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So I have:
table1: columnA, columnB
table2: columnA, columnC
table3: columnA, columnD
I can do:
UPDATE table1 SET columnA='' WHERE columnA LIKE 'A%'
UPDATE table2 SET columnA='' WHERE columnA LIKE 'A%'
Is there a way to combine the query's?
UPDATE table1 t1,table2 t2 SET t1.columnA='', t2.columnA='' WHERE t1.columnA LIKE 'A%' OR t2.columnA LIKE 'A%'
but it doesn't work.
Anybody any suggestions? Thanx.
I think this is safer to insure you don't corrupt any of your data.
Almost all SQL DBs support transactions... I'm not sure of the MySQL specific syntax (I'm more an Oracle/Microsoft SQL*Server guy)... but you typically create a stored proc that does all of the work. The stored proc uses a transaction to ensure that ALL updates or done. The proc might contain logic something like:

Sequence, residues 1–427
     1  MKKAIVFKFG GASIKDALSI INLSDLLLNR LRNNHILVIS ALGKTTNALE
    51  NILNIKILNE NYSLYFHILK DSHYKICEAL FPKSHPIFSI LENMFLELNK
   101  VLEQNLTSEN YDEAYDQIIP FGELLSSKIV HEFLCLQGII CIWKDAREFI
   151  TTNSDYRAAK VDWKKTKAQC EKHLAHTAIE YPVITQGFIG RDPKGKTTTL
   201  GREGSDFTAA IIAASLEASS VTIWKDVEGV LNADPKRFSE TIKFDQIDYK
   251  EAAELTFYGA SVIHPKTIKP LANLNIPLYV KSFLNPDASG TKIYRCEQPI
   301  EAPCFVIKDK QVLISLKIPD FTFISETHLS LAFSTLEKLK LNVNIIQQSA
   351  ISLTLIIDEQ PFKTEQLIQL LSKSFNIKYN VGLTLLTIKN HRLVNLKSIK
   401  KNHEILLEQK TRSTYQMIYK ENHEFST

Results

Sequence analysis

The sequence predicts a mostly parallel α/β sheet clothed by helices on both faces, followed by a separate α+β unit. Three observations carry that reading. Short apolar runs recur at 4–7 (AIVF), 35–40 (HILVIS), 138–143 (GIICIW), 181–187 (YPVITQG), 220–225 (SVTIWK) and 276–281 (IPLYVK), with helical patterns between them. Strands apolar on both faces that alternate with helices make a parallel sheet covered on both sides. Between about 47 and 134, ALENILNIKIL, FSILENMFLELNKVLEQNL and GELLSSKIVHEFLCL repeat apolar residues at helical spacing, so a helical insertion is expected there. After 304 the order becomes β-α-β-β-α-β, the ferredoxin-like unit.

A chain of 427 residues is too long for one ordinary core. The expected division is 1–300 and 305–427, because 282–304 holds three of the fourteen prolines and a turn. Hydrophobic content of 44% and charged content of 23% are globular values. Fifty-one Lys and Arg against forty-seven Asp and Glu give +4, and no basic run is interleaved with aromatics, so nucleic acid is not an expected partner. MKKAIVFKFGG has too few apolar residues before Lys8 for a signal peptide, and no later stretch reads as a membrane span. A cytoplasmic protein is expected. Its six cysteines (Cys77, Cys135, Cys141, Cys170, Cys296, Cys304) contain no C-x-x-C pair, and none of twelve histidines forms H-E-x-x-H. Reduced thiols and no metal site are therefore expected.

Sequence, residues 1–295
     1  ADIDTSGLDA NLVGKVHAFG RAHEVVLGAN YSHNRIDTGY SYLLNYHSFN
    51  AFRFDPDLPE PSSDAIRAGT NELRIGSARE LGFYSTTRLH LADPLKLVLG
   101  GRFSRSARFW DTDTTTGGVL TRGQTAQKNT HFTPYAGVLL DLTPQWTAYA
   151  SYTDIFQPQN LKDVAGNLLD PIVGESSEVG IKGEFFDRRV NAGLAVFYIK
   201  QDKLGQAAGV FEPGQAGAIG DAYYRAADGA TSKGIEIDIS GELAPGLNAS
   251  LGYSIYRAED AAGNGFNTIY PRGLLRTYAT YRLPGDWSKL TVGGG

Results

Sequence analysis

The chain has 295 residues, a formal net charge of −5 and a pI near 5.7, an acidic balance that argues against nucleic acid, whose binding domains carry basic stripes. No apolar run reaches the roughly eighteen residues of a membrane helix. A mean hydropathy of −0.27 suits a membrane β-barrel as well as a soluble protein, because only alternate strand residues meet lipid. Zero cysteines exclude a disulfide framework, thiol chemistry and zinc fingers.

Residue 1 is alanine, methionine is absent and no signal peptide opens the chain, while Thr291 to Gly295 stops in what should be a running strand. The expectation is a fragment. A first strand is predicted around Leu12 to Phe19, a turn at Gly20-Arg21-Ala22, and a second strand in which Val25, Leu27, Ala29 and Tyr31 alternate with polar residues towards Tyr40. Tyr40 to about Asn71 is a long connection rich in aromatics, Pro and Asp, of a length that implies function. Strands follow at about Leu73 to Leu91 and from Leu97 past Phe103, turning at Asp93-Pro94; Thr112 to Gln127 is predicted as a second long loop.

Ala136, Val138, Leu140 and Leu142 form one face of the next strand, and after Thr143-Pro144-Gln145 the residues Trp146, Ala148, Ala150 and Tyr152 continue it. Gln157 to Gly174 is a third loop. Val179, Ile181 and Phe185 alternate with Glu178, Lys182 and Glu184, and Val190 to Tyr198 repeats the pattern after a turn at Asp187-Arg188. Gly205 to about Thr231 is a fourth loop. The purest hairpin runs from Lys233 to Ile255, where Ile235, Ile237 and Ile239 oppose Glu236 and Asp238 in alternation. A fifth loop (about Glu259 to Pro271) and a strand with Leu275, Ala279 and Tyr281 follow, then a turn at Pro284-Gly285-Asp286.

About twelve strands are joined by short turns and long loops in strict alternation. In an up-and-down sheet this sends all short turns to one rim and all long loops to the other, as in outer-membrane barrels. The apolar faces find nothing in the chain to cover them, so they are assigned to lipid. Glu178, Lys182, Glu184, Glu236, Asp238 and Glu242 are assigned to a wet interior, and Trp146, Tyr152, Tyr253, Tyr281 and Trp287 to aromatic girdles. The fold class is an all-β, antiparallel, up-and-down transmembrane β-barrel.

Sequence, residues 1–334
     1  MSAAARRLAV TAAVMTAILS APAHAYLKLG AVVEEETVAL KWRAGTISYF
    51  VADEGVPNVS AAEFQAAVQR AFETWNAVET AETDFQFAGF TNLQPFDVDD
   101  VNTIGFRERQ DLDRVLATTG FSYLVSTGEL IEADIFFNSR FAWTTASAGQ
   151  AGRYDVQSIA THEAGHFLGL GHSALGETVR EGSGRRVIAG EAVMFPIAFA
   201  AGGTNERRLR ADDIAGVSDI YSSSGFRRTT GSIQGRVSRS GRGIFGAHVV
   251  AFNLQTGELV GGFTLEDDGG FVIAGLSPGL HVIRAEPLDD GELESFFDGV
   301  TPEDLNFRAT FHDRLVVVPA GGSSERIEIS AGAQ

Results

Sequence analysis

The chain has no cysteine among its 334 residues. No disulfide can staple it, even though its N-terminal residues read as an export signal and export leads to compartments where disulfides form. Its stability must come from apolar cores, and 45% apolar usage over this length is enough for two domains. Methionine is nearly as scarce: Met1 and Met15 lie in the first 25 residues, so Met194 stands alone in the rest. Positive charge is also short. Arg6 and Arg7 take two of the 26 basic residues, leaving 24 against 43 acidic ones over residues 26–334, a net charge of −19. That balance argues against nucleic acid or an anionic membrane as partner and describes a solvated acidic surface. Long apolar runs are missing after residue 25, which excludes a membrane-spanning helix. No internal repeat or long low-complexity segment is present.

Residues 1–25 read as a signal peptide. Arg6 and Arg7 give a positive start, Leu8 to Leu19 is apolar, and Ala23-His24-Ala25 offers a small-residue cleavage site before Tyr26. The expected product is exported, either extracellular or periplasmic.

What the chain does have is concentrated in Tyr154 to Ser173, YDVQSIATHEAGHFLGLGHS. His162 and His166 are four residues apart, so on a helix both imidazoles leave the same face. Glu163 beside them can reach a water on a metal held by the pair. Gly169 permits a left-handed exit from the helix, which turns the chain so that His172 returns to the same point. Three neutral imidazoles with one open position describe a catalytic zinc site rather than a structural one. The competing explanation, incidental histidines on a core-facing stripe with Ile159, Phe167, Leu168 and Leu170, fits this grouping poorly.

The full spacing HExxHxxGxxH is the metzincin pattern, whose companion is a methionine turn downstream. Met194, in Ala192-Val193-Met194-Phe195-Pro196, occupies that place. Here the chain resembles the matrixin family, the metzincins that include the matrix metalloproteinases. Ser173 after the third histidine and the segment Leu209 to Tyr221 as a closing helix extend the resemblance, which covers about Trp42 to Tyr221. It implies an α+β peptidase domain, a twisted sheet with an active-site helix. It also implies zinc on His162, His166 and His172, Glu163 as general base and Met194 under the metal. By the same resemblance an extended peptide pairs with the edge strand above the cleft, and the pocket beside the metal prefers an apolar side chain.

ON ERROR GOTO MyErrorHandler
RETURN (some success status)
RETURN (return some error status)
With the above logic encapsulated in a stored proc, your PHP code can call the stored proc (and even pass in parameters if need be) and simply check its return value to see if it worked or not. The proc will try to update all 3 tables. If all updates succeed then it will return a value to indicate it succeeded. If any of the updates fail then ALL changes previously made by the proc are 'undone' or rolled back and an error status is returned to the calling PHP.
So if the updates to tables1 & table2 are successful but the update to table3 fails, the proc will jump to the MyErrorHandler label, undo all of the changes it made to table1 and table2 (setting everything back to the way it was before the stored proc call) and return an error status so the calling PHP program knows there was some type of error and the updates failed.